If anybody has information on the IP address, or a POC at CariNet, would greatly help.  I will contact the abuse department on Monday with whatever information I can collect today.

As always, thanx for supporting the Internet Storm Center,

tony d0t Carothers –gmail.com


UPDATE: 27 January 2014

The senior security engineer onsite has contacted the customer, who has agreed to take down the site and work with the ISC to resolve these issues.  Great job everyone!!  A community effort helps out the community everytime!!


Published: 2014-01-25

Finding in Cisco's Annual Security Report

The report highlight the fact that now "[...] the cybercrime network has become so mature, far-reaching, well-funded, and highly effective as a business operation that very little in the cybersecurity world can—or should—be trusted without verification."[1]

I don't think this is really a huge surprise. However, the report identifies three attack methods that are of concerns: 99% of all mobile malware in 2013 targeted Android devices, 91% of web exploit targeted Java and last is 64% of malware are Trojans.[2] Taking this into account, if you own an Android device, you need to be vigilant about the content you view or access. That doesn't exclude other mobile devices from being a target.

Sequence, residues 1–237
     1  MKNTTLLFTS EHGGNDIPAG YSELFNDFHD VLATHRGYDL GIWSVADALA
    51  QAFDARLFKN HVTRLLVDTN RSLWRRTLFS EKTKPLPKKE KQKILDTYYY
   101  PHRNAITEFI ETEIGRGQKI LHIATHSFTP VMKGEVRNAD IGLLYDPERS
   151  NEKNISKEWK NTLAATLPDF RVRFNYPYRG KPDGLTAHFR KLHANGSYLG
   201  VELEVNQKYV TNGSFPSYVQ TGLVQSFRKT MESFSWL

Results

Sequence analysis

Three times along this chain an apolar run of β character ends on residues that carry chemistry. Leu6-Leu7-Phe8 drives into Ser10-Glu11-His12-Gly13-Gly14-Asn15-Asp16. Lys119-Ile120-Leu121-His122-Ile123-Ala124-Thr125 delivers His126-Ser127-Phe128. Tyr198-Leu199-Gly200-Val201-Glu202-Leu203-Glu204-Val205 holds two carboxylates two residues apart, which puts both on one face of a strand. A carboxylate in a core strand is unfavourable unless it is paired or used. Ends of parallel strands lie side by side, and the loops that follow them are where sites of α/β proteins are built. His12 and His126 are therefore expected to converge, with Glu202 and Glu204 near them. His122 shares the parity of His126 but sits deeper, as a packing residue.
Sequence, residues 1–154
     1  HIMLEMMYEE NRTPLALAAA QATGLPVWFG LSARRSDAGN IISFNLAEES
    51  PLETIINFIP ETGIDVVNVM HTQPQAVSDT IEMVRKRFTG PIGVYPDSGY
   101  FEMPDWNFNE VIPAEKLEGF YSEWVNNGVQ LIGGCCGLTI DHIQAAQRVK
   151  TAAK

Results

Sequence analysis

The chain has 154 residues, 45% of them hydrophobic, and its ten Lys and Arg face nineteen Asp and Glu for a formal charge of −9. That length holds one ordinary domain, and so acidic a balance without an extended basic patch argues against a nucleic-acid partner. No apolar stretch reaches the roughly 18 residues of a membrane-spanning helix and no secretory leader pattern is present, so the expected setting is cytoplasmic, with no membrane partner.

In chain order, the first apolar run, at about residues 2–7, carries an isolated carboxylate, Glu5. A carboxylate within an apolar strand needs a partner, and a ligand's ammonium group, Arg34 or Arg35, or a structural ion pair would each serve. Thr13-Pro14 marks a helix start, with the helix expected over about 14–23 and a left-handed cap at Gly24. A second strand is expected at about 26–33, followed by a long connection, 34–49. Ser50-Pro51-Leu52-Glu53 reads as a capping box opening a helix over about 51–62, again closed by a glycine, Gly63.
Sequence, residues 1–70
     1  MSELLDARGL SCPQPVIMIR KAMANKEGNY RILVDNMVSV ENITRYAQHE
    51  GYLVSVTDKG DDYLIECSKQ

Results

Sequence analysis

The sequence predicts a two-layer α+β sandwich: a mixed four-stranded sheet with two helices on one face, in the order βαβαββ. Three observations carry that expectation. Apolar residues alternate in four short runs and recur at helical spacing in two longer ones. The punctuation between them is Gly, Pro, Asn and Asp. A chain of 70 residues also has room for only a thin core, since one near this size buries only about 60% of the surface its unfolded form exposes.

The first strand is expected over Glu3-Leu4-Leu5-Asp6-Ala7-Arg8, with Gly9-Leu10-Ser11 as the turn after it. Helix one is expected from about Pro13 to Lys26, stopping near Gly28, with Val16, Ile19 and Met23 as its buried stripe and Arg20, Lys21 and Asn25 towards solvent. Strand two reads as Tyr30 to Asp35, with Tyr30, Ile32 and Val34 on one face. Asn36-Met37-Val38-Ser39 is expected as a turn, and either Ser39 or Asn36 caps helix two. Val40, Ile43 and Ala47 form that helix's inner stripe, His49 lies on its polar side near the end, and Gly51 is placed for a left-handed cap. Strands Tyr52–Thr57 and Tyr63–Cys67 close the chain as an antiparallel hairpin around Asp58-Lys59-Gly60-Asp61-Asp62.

The attack surface is no longer limited to just PCs and servers but to any mobile devices. They have been growing in numbers at a rapid pace and need to be part of all enterprise security models. This change in the security landscape means securing a network is even more difficult now because the front door isn't just the Internet gateway your network is connected too. It now includes all the mobile devices accessing your network either via a wireless AP or directly attached via a USB cable or Bluetooth to a PC or laptop. If you want to take a look at the survey, it can be downloaded here (need to register). Now I encourage you to take part in our survey about What is going to trouble you the most in 2014?

[1] http://blogs.cisco.com/security/cisco-2014-annual-security-report-trust-still-has-a-fighting-chance
[2] http://www.cisco.com/web/offers/lp/2014-annual-security-report/preview.html
[3] http://www.cisco.com/web/offers/lp/2014-annual-security-report/index.html

Guy Bruneau IPSS Inc. gbruneau at isc dot sans dot edu


Published: 2014-01-24

Phishing via Social Media